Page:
Airport expansion decision delayed until at least October
30 June 2016 • Author: Katie Sadler, Digital Content Producer, International Airport Review
The decision as to where airport expansion should take place in South East England has been delayed until October confirms Transport Secretary Patrick McLoughlin.
Transport Secretary Patrick McLoughlin has confirmed that the Government’s response to the Airports Commission’s Final Report will be delayed until at least October
Airport expansion decision delayed ‘until at least October’
A year on from the Airports Commission’s Final Report which favoured Heathrow Airport over Gatwick Airport, a final decision as to where expansion should take place has once again been delayed. However, on the 28 June the Transport Secretary confirmed the government’s commitment to expanding airport capacity, insisting that investment in British infrastructure “has become more important, not less important” following the Brexit vote to leave the European Union.
“We remain committed to expansion and we remain committed to delivering runway capacity on the timescale set out in Sir Howard Davies’ report,” Mr McLoughlin said.
Responding to the Transport Secretary’s announcement to hand over a decision on Heathrow expansion to his successor, John Holland-Kaye, Heathrow’s Chief Executive, said that a third runway must be a part of the Government’s Brexit plan. “If Britain wants to be confident, outward-looking and at the centre of the world’s economy then expanding Heathrow must be a key building block in the Government’s Brexit plan,” said Mr Holland-Kaye.
Responding to the announcement from the Transport Secretary that a decision on airport expansion has been delayed, Stewart Wingate, Gatwick CEO, said:
“The need for Britain to expand aviation capacity has never been greater. At an uncertain time Britain needs to show it can be agile and decisive. We must move on and show the world that we are open for business.
“Gatwick is already the most connected airport in the UK, offering Britain connections to all five continents, to developed and emerging markets alike. It is now clear that only Gatwick can deliver the expansion we need and do so by 2025. We can help improve our international competitive position by offering the fastest possible improvement to our trading links at a time when it is most necessary.
“There is nothing in our way. The time for debate is now over and the time has come for Britain to get on with it. We can privately finance the project. We can offer a fair deal for those most impacted and we can support growth across all regions of the country. We can deliver the runway that Britain needs.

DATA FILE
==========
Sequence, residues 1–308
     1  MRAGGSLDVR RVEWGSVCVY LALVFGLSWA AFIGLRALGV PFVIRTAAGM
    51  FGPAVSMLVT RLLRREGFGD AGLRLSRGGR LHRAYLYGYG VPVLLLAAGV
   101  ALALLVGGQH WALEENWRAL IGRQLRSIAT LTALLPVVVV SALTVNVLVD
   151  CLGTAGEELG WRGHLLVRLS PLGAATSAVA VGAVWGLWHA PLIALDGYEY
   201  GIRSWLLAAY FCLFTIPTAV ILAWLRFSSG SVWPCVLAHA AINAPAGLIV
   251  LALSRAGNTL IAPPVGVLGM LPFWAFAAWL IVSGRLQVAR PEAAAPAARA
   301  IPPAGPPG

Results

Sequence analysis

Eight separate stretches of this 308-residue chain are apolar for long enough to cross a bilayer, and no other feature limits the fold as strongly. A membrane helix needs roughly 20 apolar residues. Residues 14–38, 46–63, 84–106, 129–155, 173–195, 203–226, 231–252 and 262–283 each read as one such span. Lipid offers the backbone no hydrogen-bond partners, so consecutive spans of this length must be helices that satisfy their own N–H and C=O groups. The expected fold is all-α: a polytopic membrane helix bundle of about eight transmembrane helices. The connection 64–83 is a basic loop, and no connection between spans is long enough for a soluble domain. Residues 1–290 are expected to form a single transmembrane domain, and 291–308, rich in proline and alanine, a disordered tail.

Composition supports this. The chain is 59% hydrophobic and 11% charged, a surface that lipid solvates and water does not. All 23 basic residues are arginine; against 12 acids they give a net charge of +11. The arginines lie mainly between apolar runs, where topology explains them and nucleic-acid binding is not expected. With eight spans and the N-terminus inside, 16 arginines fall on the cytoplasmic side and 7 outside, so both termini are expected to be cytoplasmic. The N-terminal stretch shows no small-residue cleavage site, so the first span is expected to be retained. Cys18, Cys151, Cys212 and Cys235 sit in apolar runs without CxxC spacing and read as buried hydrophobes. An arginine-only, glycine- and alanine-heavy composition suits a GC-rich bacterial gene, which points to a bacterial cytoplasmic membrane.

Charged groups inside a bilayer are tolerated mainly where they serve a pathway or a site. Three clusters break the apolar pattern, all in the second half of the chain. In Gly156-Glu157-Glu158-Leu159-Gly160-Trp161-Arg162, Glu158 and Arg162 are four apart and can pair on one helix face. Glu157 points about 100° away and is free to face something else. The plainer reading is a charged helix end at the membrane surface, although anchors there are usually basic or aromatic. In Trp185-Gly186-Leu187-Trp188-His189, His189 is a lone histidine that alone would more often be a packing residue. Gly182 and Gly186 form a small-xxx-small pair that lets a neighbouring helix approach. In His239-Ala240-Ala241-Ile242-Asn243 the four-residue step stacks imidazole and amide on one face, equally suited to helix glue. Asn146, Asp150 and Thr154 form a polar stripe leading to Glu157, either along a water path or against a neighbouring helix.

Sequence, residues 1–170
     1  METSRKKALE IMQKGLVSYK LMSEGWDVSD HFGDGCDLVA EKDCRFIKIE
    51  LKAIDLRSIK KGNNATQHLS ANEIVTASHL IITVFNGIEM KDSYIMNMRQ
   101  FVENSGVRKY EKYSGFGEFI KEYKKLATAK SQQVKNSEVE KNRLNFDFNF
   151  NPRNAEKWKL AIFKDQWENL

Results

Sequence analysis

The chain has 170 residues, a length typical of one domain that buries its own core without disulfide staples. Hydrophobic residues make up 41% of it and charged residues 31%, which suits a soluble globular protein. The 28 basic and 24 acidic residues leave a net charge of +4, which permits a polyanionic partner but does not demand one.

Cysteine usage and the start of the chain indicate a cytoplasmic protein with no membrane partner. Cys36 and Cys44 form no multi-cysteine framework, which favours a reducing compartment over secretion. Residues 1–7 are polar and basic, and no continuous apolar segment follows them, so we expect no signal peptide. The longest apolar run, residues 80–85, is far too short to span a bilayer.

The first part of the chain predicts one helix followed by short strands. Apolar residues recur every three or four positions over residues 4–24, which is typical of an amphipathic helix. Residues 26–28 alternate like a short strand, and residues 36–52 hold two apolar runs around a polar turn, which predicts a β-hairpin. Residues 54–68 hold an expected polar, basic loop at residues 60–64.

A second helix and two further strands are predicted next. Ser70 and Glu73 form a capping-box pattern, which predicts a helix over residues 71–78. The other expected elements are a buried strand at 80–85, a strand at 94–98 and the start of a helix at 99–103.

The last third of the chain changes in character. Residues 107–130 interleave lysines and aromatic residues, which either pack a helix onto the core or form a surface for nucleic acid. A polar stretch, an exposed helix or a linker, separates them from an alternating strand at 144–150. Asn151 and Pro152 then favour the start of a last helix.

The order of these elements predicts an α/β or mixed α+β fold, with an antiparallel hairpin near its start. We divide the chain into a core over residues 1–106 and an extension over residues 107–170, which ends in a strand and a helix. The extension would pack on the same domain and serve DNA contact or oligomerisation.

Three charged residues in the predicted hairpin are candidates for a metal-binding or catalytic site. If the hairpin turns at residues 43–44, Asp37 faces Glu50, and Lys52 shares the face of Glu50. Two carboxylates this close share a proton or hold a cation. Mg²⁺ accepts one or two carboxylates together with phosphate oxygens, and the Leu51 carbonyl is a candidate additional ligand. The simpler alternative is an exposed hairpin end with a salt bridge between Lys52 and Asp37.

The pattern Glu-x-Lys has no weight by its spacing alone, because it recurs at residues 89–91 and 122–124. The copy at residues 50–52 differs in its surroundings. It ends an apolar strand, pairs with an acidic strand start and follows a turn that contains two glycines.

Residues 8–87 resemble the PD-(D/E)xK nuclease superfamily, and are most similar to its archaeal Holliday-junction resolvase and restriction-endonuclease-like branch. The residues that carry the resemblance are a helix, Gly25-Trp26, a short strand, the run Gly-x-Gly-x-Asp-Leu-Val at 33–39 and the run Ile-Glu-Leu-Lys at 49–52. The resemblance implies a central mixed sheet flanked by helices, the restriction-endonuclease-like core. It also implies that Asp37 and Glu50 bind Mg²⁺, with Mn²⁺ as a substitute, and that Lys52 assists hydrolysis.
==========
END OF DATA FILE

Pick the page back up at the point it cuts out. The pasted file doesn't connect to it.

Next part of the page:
“It’s time to expand Gatwick,” said Mr Wingate.
Commenting on the announcement to delay a decision, AOA Chief Executive Darren Caplan said: “The AOA is deeply disappointed that a year on from the Airports Commission’s Final Report, the Government has announced a further delay to its response to the Commission, until at least October. This is despite the Government’s firm commitment to decide by the end of 2015, which was then delayed until this summer. This additional delay comes at a time when all are agreed that clear action is needed to demonstrate the UK is open for business and confident about its future.
“At this time of increased uncertainty, the Government should be putting its foot on the accelerator of the UK economy – not delaying making important infrastructure decisions that can help it succeed. We continue to urge the Government to make a decision on airport capacity as soon as possible.
“We also urge the Government to update its Aviation Policy Framework as soon as possible too. The Framework was set in 2013 yet the Department for Transport’s own passenger forecasts from then show that London and South East airports will all be full up by 2030 and airports outside the South East will be filling up from 2040. As well as delivering the additional capacity the UK needs to enable world-class links to both existing and emerging markets, the Government really does need to show some urgency on wider UK airports policy, setting out how we can make better use of existing airport capacity around the UK, for example modernising UK airspace and enhancing surface access links to airports.”
“Building a new runway in the South East is a key decision for the long-term future of our economy and country”
Reacting to the announcement, Paul Drechsler CBE, CBI President, said: “More than ever before, it is absolutely critical that the Government sends a signal, loud and clear, that the UK is open for trade with markets across the globe.
“Building a new runway in the South East is a key decision for the long-term future of our economy and country, and will demonstrate to, and reassure, Britain’s workers, makers, exporters and investors that the UK is open for business.
“The Government has announced the decision will be delayed yet again, but kicking the can down the road is already having a real effect. Last year the CBI showed that delays to getting a decision on airport expansion by 2030 could see the UK lose out on over £30 billion in lost trade with the BRIC economies alone.
“Our new analysis shows that our European rivals with spare capacity will be gaining at the UK’s expense, cashing in on their own thriving connectivity, if we fail to get on and build a new runway. By 2030, better capacity will see German trade with the BRIC economies alone grow by an additional £15 billion, and French trade grow by £7.5 billion – trade that could and should be coming here.
“We could still avoid this scenario, if the new Prime Minister makes a decision with a clear timetable for action immediately after entering Downing Street, so that construction can begin by 2020.”